How Weather Conditions Impact Service

Types of Weather that Could Impact Your Snow Plowing Contract

Black Ice – (glare ice) A thin, unexpected and invisible coating of ice on a roadway or walkway surface. The thin ice appears as the color of the material beneath it. Minute precipitation amounts are adequate to create slippery, unnoticed and dangerous situations, where travelers have minimal indication of weather changes. Fog, alone, in the absence of any falling precipitation can create a slippery coating to smooth, horizontal surfaces. Because it is always so difficult to see, it represents a universal hazard to automotive traffic, cyclists, motorcyclists and pedestrians.

Freezing Fog – When liquid fog droplets freeze to surfaces, forming a white soft or hard rime. This is very common on mountain tops which are exposed to low clouds. It is equivalent to freezing rain, and essentially the same as the ice that forms inside a freezer.

Freezing Rain – Rain that falls when surface temperatures are below freezing causing icing on contact. A storm producing a significative thickness of freezing rain is often referred as an “ice storm”. Freezing rain is notorious for causing travel problems on roadways, breaking tree limbs, and downing power lines.

Sleet – Rain which freezes before reaching the ground that can accumulate creating hazardous driving conditions.

Dry Snow – Snow with little to no liquid water content, thus it is less dense than average. Less dense meaning there will be a lot of air in the snow making it vulnerable to blow in windy conditions. As it warms, it can become very slippery particularily on pedestrian sidewalks.

Wet Snow – Deposited snow that contains a great deal of liquid water and typically occurs at temperatures near freezing. Minor accumulation of wet snow can be very slippery on all hard surfaces.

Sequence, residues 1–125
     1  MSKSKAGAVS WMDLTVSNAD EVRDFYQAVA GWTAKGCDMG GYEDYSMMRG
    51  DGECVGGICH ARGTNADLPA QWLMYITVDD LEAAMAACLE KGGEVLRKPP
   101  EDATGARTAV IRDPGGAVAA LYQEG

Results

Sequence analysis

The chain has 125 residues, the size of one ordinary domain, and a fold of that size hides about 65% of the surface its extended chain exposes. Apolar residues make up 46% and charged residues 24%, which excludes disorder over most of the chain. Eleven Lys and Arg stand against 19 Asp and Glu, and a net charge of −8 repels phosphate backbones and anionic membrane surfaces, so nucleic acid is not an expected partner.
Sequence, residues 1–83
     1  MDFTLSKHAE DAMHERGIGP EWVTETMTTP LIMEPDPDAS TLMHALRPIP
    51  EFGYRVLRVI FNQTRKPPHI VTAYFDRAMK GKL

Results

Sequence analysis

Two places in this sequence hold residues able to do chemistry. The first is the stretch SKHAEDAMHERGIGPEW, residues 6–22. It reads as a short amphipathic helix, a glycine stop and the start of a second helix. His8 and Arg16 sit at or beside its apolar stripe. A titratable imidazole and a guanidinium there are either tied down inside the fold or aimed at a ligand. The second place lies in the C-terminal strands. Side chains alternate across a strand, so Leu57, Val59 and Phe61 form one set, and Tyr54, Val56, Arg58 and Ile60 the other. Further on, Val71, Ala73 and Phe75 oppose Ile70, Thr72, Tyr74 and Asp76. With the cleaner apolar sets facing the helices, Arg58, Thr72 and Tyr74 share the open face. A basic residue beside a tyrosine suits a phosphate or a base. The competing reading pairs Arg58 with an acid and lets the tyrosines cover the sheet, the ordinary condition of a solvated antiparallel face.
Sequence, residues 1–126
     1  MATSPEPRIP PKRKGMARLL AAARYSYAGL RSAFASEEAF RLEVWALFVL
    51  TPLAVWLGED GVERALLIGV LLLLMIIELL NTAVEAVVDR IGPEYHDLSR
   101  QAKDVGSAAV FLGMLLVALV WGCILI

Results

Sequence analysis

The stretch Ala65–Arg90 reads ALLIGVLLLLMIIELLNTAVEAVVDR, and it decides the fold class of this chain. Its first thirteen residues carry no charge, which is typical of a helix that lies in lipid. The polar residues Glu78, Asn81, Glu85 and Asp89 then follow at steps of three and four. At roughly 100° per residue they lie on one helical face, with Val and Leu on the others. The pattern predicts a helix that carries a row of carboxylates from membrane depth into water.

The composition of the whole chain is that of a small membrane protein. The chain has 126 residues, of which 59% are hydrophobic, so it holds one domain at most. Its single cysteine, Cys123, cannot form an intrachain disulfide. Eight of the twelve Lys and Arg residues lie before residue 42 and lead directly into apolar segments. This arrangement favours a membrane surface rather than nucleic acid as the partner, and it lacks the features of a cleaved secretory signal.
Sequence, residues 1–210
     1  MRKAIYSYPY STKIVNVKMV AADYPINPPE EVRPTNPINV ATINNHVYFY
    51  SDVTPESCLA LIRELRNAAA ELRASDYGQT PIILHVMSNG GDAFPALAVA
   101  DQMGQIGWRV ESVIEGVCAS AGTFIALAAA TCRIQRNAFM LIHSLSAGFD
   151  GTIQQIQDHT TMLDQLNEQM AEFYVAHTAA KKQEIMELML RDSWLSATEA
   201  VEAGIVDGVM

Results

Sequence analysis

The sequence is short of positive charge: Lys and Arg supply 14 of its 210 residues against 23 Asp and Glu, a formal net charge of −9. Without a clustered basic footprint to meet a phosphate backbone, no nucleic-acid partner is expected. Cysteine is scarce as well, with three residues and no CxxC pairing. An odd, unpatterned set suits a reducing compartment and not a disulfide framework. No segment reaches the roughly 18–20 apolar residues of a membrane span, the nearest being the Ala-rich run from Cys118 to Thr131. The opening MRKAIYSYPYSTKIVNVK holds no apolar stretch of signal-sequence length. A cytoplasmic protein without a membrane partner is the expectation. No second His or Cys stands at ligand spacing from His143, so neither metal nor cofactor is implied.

Heavy Snow – When snowfall accumulation rate is at either four inches (10 cm) or more within 12 hours or six inches (15 cm) or more within 24 hours. Pedestrians, cyclists and drivers should avoid roadways or use extreme caution.

Drifting Snow – The meteorological term for any loose snow lifted from the ground surface and suspended by strong winds to a height of 6 ft or less above the surface. Drifting snow tends to creep, roll and bounce above the surface and is a major hazard for surface transportation.

Blowing snow – The meteorological term for any loose snow lifted from the ground surface and suspended by strong winds to a height of 6 ft or more above the surface. Blowing snow can be falling snow or snow that already accumulated and is one of the classic requirements for a blizzard.

Blizzard – Winds need to reach sustained speeds or frequent gusts of 35 m.p.h. or greater, and visibilities have to be repeatedly reduced to 1/4 mile or less by falling and/or blowing snow for a period of at least three hours. A blizzard can actually occur with clear skies if the visibility reduction is caused by blowing snow. While there are no temperature requirements for a blizzard, the combination of strong winds and below-freezing temperatures will drop windchills at least into the single digits. By definition, the difference between blizzard and a snowstorm is the strength of the wind. Blizzards have a negative impact on local economies and can paralyze regions for days at a time.

It is important to know the existing and potential weather conditions.

  1. Start of Precipitation
  2. Type of Precipitation
  3. Total Precipitation
  4. Expected Event Length
  5. Wind (speed,gust, directions)
  6. Temperature Trend

Most weather stations measure temperature and other conditions 20-30 feet above ground. This means the actual temperature and other conditions can differ substantially from pavement or surface temperatures. A blanket approach will not work, and different strategies are needed. Potomac has the years of experience and expertise to not only properly determine the best method, but our staff also can adjust our method based on changing conditions as they occur. Our goal is to provide immediate response, be proactive in our approach and help reduce environmental impacts from snow and ice conditions.

Contact Potomac for contract information.